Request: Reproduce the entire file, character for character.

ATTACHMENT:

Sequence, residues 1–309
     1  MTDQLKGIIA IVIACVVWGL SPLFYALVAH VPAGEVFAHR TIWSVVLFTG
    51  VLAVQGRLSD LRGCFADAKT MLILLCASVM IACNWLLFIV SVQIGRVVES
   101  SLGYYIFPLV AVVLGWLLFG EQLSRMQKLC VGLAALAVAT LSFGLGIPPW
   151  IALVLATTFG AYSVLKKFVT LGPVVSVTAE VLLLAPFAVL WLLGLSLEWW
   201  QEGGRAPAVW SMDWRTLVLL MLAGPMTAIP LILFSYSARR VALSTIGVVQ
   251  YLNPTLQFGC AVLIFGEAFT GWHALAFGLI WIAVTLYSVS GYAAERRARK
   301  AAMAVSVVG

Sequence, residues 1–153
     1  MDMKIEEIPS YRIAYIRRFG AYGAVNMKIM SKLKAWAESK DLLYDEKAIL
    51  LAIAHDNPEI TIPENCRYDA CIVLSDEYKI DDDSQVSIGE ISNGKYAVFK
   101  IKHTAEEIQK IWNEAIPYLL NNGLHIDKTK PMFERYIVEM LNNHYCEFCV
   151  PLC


Sequence, residues 1–309
     1  MTDQLKGIIA IVIACVVWGL SPLFYALVAH VPAGEVFAHR TIWSVVLFTG
    51  VLAVQGRLSD LRGCFADAKT MLILLCASVM IACNWLLFIV SVQIGRVVES
   101  SLGYYIFPLV AVVLGWLLFG EQLSRMQKLC VGLAALAVAT LSFGLGIPPW
   151  IALVLATTFG AYSVLKKFVT LGPVVSVTAE VLLLAPFAVL WLLGLSLEWW
   201  QEGGRAPAVW SMDWRTLVLL MLAGPMTAIP LILFSYSARR VALSTIGVVQ
   251  YLNPTLQFGC AVLIFGEAFT GWHALAFGLI WIAVTLYSVS GYAAERRARK
   301  AAMAVSVVG

Sequence, residues 1–153
     1  MDMKIEEIPS YRIAYIRRFG AYGAVNMKIM SKLKAWAESK DLLYDEKAIL
    51  LAIAHDNPEI TIPENCRYDA CIVLSDEYKI DDDSQVSIGE ISNGKYAVFK
   101  IKHTAEEIQK IWNEAIPYLL NNGLHIDKTK PMFERYIVEM LNNHYCEFCV
   151  PLC